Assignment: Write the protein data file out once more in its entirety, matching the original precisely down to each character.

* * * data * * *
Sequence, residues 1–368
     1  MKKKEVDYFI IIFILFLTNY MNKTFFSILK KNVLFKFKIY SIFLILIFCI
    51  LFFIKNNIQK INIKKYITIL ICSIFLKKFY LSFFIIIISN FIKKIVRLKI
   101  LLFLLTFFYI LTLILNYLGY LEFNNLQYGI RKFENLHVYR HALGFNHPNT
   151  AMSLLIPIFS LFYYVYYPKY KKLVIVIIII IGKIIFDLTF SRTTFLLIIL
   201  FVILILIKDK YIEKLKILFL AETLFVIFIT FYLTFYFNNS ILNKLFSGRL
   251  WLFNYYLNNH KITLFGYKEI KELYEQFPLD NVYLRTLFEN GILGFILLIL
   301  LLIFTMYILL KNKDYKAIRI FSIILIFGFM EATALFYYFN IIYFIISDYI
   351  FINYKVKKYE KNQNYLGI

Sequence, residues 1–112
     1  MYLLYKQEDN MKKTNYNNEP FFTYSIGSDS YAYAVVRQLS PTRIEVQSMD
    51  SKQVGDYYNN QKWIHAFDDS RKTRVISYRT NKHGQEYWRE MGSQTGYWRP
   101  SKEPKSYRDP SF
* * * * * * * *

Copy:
Sequence, residues 1–368
     1  MKKKEVDYFI IIFILFLTNY MNKTFFSILK KNVLFKFKIY SIFLILIFCI
    51  LFFIKNNIQK INIKKYITIL ICSIFLKKFY LSFFIIIISN FIKKIVRLKI
   101  LLFLLTFFYI LTLILNYLGY LEFNNLQYGI RKFENLHVYR HALGFNHPNT
   151  AMSLLIPIFS LFYYVYYPKY KKLVIVIIII IGKIIFDLTF SRTTFLLIIL
   201  FVILILIKDK YIEKLKILFL AETLFVIFIT FYLTFYFNNS ILNKLFSGRL
   251  WLFNYYLNNH KITLFGYKEI KELYEQFPLD NVYLRTLFEN GILGFILLIL
   301  LLIFTMYILL KNKDYKAIRI FSIILIFGFM EATALFYYFN IIYFIISDYI
   351  FINYKVKKYE KNQNYLGI

Sequence, residues 1–112
     1  MYLLYKQEDN MKKTNYNNEP FFTYSIGSDS YAYAVVRQLS PTRIEVQSMD
    51  SKQVGDYYNN QKWIHAFDDS RKTRVISYRT NKHGQEYWRE MGSQTGYWRP
   101  SKEPKSYRDP SF